Till now, I have not seen this codes (C&F/ejr) on 7,92x57 or 9mm ammo boxes. I don’t know about other (ammo)boxes.

greetz


#5

Could it be an ammo box from captured stock of another nation that used this size crate for ammo which the Germans just reused? Maybe it ended up in a depot and was re-stamped & filtered out to a sub (did the Germans do that?).


#6

John, I wondered that myself but didn’t take the time to measure and figure that out. If it was made for 16 round boxes, each inside dimension heigth, width and depth should be an even multiple of one of the dimensions of the 16 round box. In addition, the matches all have to be in the same orientation of the 16 round boxes. When I did the math, the best fit was for the boxes laid on their back with the label up (assuming the label is on the front and not wrapped over the box), across the width of the box. 5 boxes would fit this way and a stack 4 high would also fit. The problem is the length which accommodates two and a half box lengths, so there is a gap at the end of the box of 1.6+ inches with 40 16 rd boxes. No other orientation of the boxes makes sense at all from the measurements. Perhaps if my rough measurement of the wooden box on auction is off and it is a bit deeper and a bit longer than my estimate you could fill this gap by standing 10 more boxes on end, but that would sure be a strange way to pack ammunition.

I also checked the exterior markings on the 4160 round crates.

[quote]B
Luttdichter
Patronen Kasten[/quote]

The last line is cartridge box and I probably copied the middle line wrong. There is no caliber marking on the outside of the crates that I have. If course it is possible a paper label was on the outside of the crates that has long ago worn off in the 60+ years since production.

Kurt, Thanks for the tip. My copy of the original German code book lists ejr as

Which is Woods Good Production and Railway needs, or something similar. The markings show a big “S” with a small “C&F” in the lower loop and it is on the bottom so they are probably the crate manufacturer. The “e??” codes were not issued until May 1941 and I can’t find Seifert, C&F listed in the earlier number code material. There is a Christ and Company in Grunberg but they made armatures and there is a Seifert and Franz but they were in Eberswalde but nothing to tie them together into a Seifert C&F.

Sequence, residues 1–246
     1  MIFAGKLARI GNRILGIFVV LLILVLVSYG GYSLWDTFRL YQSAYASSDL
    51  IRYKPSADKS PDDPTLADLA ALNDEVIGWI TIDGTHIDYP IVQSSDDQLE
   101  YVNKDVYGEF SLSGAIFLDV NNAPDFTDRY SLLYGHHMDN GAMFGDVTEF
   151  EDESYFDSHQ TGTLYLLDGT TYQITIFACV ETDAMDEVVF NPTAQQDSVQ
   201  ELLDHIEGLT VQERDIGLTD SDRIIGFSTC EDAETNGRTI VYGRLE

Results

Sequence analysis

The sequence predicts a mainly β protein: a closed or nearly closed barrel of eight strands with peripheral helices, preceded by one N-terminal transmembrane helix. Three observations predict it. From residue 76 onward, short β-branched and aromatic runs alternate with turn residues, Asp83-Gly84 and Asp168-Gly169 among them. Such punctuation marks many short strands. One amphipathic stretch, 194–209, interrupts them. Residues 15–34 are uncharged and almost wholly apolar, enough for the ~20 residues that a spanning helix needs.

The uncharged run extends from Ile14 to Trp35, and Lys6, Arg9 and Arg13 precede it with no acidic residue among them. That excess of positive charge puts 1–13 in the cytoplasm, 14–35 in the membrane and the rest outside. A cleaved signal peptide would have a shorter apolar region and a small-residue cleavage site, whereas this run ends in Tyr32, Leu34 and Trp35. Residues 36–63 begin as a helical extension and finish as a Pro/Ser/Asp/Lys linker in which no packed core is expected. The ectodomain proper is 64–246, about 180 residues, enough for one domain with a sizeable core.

Thanks for the thoughts. Interesting to chase but pretty clearly not anything manufactured for 9mm P08 ammunition.

Cheers,

Lew


#7

Lew - I thing the word is “Luftdichter” and means “airtight.” I could be wrong. We all know that my German is the pits.


#8

I would say with 98% confidence that is indeed a WWII German manufactured box. The hardware is correct, I have several boxes that have the same hardware. Construction is right.

It wouldn’t be unheard of for manufacturers to still be using full names in 1940. I have several items with full names in the 1940-1941 timeframe at least.

The Eagle over M is indeed a Kriegsmarine property mark.

But I also highly doubt it is ammo related.

Probably for some sort of instrumentation, or spares, etc…with no label or stencilling, its just a WWII Kriegsmarine wooden box. $50 tops for me…


#9

C&F Siefert, Holzwaren etc.

Holzwaren: Wooden goods (Crates, Boxes, etc…Carpentary)
Bahn****; Railway equipments. etc.

Box typical of Reichsbahn equipment Boxes, with a rebated seal inside to make them Water-resistent (Not water-Proof).

Could have come from anywhere, and used as a “container of opportunity” for ammo.

Doc AV